For a long time, alchemists tried to turn lead into gold. They sought the ‘philosopher’s stone’, a mysterious substance to create gold. But melting lead, adding chemicals and mixing it with other metals did not yield a precious metal to the alchemists. Professor of nuclear physics and goldsmith Piet Van Duppen of KU Leuven knows why: ‘They had no nuclear reactions.’
Making the core of gold
Before we can make gold, we have to zoom in quite a lot on the metal, down to the gold atom. Like a solar system, an atom consists of a nucleus and individual particles that orbit around it like planets. ‘The atomic nucleus is made up of a number of protons, which are the positive nuclear particles, and a number of neutrons, which are electrically neutral’, explains Van Duppen. How many protons a nucleus has determines what kind of element it is.
‘The lightest element, hydrogen, has one proton, the heaviest that we know now is oganesson with 118 protons. Gold is a bit in the middle, with 79 protons.’ There are exactly as many negatively charged electrons orbiting around the nucleus as the number of protons in the nucleus. That makes the atom electrically neutral. All those atoms stuck together form a gold nugget.
What alchemists did only affected the electron orbits. Van Duppen: ‘You can do that yourself in your backyard if you light a fire. It’s not that hard.’ It also requires relatively little energy, because even sunlight manipulates the electrons in the outermost orbits. ‘But if you want to make gold, you have to tackle the atomic nucleus. You need more energy for that. And you will find it in the stars.’
The gold on earth comes from stars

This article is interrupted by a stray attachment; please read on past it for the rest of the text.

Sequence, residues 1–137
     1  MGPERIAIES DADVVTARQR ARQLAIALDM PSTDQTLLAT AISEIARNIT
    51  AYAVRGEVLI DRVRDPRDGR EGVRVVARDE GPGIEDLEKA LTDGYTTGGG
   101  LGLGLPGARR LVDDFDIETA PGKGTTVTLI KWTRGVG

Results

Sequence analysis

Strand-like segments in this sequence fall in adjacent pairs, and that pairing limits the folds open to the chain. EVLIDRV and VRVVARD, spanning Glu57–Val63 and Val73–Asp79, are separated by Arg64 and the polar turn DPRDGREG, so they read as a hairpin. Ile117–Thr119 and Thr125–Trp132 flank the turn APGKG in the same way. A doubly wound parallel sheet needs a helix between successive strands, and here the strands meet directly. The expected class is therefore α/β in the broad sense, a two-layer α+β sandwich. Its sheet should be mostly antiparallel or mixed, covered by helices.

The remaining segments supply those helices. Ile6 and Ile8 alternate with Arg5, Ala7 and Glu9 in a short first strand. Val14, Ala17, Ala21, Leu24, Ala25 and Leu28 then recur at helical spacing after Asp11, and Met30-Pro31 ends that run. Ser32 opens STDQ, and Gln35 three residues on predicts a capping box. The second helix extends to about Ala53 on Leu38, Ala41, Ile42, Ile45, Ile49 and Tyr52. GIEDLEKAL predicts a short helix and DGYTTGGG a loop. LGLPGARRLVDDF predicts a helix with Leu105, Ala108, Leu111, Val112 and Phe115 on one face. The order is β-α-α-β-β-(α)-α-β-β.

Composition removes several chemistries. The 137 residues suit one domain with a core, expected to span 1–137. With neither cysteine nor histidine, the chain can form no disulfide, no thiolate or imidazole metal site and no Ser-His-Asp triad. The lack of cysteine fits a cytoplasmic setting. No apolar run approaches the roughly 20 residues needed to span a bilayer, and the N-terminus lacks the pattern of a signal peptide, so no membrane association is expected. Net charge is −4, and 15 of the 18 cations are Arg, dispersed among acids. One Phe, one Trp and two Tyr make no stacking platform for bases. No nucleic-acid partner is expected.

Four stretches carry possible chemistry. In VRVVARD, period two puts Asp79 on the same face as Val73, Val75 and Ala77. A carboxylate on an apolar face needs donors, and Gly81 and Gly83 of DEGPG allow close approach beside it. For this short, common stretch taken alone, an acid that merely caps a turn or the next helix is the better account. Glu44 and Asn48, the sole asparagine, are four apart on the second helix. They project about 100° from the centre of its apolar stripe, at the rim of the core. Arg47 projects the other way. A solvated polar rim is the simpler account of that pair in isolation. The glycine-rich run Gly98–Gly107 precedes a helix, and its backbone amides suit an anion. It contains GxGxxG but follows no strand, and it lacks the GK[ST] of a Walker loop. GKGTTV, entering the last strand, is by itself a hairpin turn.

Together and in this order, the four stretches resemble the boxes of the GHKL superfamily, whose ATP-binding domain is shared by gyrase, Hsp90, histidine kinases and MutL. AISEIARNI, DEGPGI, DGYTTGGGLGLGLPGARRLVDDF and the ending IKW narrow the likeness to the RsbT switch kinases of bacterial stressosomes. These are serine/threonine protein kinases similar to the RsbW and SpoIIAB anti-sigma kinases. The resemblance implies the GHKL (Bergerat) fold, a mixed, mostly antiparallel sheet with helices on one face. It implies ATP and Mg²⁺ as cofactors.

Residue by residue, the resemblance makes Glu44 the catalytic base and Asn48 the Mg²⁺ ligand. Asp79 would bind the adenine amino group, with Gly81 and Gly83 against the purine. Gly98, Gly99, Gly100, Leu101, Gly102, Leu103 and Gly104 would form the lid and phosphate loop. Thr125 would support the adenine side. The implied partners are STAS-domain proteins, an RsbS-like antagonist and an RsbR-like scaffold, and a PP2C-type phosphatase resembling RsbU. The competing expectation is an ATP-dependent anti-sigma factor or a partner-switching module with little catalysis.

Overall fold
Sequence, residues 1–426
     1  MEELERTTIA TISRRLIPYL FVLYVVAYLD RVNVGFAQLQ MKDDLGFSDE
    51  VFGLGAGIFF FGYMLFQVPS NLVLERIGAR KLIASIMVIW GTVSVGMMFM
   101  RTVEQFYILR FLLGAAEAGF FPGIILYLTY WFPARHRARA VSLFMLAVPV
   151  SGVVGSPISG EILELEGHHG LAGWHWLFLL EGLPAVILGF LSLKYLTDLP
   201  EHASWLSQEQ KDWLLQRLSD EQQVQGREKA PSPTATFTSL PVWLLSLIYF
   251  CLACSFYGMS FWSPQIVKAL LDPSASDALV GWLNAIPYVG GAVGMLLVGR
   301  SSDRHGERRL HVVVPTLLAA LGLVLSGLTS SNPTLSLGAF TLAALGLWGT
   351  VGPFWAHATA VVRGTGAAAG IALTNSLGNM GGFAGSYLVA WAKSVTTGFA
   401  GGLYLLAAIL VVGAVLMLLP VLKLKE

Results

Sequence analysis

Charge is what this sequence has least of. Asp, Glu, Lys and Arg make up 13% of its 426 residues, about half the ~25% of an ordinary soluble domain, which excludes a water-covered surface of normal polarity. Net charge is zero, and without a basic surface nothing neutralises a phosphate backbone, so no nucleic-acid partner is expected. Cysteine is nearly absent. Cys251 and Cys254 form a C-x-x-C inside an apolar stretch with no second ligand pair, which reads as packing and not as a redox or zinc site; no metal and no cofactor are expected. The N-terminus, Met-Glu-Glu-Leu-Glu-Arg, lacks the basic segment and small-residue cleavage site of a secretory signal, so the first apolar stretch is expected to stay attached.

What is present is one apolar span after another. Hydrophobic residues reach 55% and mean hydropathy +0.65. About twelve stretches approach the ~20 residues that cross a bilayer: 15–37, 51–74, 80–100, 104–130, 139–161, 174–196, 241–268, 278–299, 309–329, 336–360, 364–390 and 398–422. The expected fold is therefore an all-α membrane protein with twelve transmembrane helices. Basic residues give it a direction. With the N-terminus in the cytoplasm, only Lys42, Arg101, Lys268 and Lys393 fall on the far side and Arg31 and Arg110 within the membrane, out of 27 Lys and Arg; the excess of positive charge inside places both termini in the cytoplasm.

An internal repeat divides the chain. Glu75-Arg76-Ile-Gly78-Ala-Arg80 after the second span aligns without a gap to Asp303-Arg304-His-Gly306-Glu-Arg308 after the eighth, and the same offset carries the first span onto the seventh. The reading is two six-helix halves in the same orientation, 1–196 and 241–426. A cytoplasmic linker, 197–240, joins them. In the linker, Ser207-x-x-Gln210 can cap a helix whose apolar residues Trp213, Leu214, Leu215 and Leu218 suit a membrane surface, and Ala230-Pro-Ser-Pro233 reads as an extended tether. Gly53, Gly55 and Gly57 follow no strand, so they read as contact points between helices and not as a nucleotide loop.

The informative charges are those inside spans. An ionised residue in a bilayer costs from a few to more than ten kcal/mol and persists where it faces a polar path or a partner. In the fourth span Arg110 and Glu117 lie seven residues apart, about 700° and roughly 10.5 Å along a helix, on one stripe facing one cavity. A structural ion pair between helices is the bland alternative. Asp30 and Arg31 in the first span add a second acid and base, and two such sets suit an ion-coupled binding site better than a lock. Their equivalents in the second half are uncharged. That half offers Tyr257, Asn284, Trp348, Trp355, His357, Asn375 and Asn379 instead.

The gold on Earth today was created with the energy of nuclear reactions in stars that no longer exist. Van Duppen conducts research at CERN, the European center for nuclear research in France and Switzerland. ‘On Earth, we find nuclear reactions in the nuclear reactors or particle accelerators that we have at CERN.’ These devices give individual protons a gigantic speed, so that they can blast atomic nuclei to pieces like a bullet.
‘We filled a tube with lead and fired CERN’s protons at it.’ Occasionally a lead core breaks. ‘Lead has 82 protons. The impact of the fired proton on the atomic nucleus will shoot off maybe three protons. So from 82 we go to 79 protons and then we get gold. It’s that simple.’ Only three protons don’t go off with every shot. Sometimes there are more, sometimes less. For example, you can also make silver (47 protons) with a particle accelerator.
Making gold with a particle accelerator
The particle accelerator can make a million to a billion gold atoms per second. That sounds like a lot, but it does not mean that Van Duppen can fly to Saint-Tropez every week with a private jet. ‘I once calculated: it takes a hundred thousand years to make a ring of gold.’ And it not only takes time, it also eats up a lot of energy. The price tag of a particle accelerator is also slightly higher than that of a private jet.
Creating gold yourself is therefore not a gold mine. It is, however, a source of knowledge. ‘We are interested in the structure of atomic nuclei and in the prevailing forces between protons and neutrons. By making gold atoms, we learn something about those forces’, says Van Duppen.
Do you want to make gold yourself? It’s possible
Long story short: you can make gold if you have enough energy to manipulate the atomic nucleus. So that doesn’t work in your backyard as quickly. Unless you happen to have a particle accelerator or a nuclear reactor there.